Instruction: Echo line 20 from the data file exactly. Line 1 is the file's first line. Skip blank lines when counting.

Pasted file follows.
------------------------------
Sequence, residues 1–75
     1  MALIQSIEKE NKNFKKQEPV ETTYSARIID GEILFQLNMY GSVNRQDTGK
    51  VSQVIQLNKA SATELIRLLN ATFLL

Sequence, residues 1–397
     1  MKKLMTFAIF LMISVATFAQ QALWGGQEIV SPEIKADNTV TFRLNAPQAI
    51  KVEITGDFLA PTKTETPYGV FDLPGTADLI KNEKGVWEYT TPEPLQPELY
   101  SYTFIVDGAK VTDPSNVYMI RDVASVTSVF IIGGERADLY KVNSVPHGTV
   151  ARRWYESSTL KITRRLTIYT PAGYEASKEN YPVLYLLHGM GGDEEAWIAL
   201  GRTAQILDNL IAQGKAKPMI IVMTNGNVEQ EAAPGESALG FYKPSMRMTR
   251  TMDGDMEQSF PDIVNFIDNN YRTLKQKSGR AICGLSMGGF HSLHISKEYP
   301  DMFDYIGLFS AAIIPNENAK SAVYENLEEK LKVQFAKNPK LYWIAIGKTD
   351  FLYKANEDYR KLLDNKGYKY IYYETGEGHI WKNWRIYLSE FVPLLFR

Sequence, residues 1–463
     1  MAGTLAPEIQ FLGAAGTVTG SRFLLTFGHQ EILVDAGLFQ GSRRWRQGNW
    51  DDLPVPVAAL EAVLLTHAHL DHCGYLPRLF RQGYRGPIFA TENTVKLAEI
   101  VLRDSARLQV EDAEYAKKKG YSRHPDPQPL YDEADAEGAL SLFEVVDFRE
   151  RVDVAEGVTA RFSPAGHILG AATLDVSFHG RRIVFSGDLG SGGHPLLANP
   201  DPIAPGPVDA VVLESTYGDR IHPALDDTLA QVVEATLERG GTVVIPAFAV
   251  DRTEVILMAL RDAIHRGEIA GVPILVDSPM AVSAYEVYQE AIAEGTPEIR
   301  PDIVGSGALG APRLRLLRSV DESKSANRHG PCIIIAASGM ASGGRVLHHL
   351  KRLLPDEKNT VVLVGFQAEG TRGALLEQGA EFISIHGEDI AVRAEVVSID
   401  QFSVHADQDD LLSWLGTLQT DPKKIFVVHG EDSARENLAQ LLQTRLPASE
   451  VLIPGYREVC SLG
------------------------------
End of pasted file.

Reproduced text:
   301  PDIVGSGALG APRLRLLRSV DESKSANRHG PCIIIAASGM ASGGRVLHHL